So far, Luca Guadagnino’s florid love story ranks as this summer’s second-best spectacle-driven entertainment (after Toy Story 3).  The visual fireworks here come not from explosion-heavy action sequences, but lush cinematography, elegant compositions and above all, Tilda Swinton’s commanding, almost regal presence as the reserved matriarch of a prosperous Italian family.  The film’s plot is the stuff of classic melodrama: following the death of world-renowned textile merchant Edoardo Recchi Sr., control of the family business passes to his son Tancredi and grandson Edoardo Jr.  While Tancredi has been preparing for this day his whole life, his son is more interested in pursuing a career in the restaurant business having befriended a promising young chef named Antonio.  After a few chance encounters with this handsome culinary genius, Emma Recchi (Swinton), Tancredi’s wife and Edoardo Jr.’s mother, throws herself headlong into a passionate love affair that, if discovered, would certainly lead to her ruin.  But after devoting much of her life to directing the daily routine of the lavish Recchi household, Emma longs to be free of that gilded cage, finding ways to spend days at a time at Antonio’s rustic home in a small mountain village.  The “bird in a cage” metaphor is referenced quite literally in the film, with Guadagnino repeatedly incorporating shots of various doors in the Recchi mansion closing on Emma, keeping her confined indoors.  (Fortunately, not all of the movie’s themes are expressed quite so blatantly.)  I Am Love is at its best in its second act, when Emma and Antonio first embark on their affair and her son fights to preserve the Recchi empire from his father’s attempts to sell it to foreign investors.  After the heightened emotions and backstage intrigue of this section, the movie’s dénouement is somewhat disappointing, side-stepping richer storytelling possibilities for a more standard—if still compelling—resolution.  Through it all, Swinton delivers a beautifully nuanced and endlessly surprising performance, one that confirms her status as one of contemporary cinema’s premiere acting talents.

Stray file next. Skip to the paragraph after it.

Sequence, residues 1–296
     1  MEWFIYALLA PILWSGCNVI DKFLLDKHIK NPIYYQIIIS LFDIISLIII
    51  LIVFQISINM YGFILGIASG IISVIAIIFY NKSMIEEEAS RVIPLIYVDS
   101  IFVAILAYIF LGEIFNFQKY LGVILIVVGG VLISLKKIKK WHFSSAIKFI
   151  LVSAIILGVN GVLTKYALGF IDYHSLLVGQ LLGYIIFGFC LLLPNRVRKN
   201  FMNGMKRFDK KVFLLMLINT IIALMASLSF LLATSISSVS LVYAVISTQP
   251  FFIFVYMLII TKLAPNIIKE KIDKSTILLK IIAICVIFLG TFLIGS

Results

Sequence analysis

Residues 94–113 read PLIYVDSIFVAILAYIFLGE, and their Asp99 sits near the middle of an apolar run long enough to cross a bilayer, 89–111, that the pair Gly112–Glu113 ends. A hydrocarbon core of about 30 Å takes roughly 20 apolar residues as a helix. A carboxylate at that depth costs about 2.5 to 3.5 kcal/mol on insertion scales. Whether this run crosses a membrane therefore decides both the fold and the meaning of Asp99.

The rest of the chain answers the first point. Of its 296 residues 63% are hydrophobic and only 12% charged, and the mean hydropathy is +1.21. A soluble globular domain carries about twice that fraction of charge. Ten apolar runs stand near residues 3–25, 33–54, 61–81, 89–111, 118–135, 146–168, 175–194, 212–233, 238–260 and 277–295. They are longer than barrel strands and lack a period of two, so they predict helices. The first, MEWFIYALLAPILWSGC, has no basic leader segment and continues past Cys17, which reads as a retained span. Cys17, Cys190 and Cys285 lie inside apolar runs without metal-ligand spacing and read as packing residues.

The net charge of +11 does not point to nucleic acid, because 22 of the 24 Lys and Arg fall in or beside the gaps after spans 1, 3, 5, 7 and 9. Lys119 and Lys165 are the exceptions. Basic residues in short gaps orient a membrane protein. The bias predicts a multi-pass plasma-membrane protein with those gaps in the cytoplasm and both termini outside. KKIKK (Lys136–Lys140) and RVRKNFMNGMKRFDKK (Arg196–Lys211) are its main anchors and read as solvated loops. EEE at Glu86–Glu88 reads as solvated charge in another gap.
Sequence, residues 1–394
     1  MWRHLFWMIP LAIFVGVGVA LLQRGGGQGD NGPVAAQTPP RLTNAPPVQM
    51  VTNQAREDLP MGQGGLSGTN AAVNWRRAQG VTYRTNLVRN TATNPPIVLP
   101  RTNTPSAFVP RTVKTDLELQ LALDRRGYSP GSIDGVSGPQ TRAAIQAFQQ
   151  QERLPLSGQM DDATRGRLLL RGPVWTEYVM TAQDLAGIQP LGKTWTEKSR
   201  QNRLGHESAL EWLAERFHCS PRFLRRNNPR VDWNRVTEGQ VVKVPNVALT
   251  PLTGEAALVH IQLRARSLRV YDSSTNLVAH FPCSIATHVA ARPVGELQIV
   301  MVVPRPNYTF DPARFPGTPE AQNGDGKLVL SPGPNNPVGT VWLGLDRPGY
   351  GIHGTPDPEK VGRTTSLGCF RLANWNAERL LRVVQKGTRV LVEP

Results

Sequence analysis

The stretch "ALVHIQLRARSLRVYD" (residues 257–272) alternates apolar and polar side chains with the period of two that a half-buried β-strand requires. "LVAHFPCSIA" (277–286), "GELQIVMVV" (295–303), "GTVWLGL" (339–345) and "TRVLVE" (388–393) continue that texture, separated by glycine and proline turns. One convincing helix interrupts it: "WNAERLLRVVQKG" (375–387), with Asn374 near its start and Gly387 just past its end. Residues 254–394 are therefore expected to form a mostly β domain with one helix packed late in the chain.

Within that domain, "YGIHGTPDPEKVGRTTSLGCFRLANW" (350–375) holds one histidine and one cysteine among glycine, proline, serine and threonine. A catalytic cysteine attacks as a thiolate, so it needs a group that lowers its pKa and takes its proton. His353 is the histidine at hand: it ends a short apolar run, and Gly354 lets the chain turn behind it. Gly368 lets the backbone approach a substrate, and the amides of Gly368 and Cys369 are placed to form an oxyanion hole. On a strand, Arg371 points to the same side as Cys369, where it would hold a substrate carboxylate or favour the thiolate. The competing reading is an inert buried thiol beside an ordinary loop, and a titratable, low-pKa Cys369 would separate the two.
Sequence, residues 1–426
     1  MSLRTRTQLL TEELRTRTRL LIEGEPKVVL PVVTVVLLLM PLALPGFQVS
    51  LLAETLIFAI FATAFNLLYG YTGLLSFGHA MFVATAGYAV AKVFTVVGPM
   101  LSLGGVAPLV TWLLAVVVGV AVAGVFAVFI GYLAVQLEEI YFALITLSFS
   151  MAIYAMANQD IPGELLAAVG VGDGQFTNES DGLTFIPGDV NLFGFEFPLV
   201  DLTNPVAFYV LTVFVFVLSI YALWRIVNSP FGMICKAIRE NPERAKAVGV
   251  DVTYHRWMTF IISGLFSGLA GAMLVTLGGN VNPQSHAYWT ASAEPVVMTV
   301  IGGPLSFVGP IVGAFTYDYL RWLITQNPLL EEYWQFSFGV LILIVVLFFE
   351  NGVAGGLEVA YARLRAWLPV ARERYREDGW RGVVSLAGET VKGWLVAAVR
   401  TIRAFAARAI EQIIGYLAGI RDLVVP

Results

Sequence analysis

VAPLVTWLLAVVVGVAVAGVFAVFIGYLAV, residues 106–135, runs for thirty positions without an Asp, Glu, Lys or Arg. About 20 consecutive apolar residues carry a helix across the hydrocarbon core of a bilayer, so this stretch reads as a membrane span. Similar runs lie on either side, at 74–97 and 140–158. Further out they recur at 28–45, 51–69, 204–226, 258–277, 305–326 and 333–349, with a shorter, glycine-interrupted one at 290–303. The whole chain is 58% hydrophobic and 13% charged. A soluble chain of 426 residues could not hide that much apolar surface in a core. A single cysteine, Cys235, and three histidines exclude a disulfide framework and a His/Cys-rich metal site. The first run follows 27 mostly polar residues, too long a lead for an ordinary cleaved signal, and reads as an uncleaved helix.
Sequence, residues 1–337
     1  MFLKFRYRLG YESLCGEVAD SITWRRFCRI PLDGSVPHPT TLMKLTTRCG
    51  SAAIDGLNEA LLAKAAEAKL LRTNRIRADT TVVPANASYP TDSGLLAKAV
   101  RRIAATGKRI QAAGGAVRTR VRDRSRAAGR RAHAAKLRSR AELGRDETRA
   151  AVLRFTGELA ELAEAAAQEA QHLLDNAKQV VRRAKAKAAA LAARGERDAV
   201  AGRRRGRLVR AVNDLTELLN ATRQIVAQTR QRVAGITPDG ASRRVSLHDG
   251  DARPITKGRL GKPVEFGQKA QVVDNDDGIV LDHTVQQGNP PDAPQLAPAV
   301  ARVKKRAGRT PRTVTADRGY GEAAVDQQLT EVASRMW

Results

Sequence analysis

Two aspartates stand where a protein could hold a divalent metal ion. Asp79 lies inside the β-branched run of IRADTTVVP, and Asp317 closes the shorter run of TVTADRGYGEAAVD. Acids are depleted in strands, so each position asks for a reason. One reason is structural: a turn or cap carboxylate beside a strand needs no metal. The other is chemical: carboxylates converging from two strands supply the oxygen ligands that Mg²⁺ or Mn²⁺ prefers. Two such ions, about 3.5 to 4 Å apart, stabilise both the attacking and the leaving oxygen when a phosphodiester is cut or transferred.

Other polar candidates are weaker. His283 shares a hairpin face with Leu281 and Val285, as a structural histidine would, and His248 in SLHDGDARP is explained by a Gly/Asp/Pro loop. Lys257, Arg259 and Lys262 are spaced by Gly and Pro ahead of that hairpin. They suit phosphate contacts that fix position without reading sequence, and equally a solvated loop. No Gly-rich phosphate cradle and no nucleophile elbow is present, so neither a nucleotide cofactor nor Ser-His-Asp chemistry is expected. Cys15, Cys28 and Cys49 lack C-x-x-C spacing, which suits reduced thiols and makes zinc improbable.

The Killer Inside Me
Directed by Michael Winterbottom
Screenplay by John Curran
Starring Casey Affleck, Jessica Alba, Kate Hudson